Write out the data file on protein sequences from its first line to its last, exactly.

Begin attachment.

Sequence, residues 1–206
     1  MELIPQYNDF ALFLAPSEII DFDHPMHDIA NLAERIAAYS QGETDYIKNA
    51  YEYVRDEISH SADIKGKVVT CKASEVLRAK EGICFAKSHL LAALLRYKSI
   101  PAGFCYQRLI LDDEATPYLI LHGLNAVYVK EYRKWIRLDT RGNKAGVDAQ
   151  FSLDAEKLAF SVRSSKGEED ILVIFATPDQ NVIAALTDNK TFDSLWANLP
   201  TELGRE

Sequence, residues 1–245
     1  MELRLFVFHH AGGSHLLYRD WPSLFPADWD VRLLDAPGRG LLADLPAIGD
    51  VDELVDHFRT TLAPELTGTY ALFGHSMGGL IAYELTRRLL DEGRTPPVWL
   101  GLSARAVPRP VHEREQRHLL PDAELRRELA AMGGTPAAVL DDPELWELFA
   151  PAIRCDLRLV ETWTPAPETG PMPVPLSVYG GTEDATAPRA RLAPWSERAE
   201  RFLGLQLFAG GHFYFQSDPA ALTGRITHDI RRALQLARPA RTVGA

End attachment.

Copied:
Sequence, residues 1–206
     1  MELIPQYNDF ALFLAPSEII DFDHPMHDIA NLAERIAAYS QGETDYIKNA
    51  YEYVRDEISH SADIKGKVVT CKASEVLRAK EGICFAKSHL LAALLRYKSI
   101  PAGFCYQRLI LDDEATPYLI LHGLNAVYVK EYRKWIRLDT RGNKAGVDAQ
   151  FSLDAEKLAF SVRSSKGEED ILVIFATPDQ NVIAALTDNK TFDSLWANLP
   201  TELGRE

Sequence, residues 1–245
     1  MELRLFVFHH AGGSHLLYRD WPSLFPADWD VRLLDAPGRG LLADLPAIGD
    51  VDELVDHFRT TLAPELTGTY ALFGHSMGGL IAYELTRRLL DEGRTPPVWL
   101  GLSARAVPRP VHEREQRHLL PDAELRRELA AMGGTPAAVL DDPELWELFA
   151  PAIRCDLRLV ETWTPAPETG PMPVPLSVYG GTEDATAPRA RLAPWSERAE
   201  RFLGLQLFAG GHFYFQSDPA ALTGRITHDI RRALQLARPA RTVGA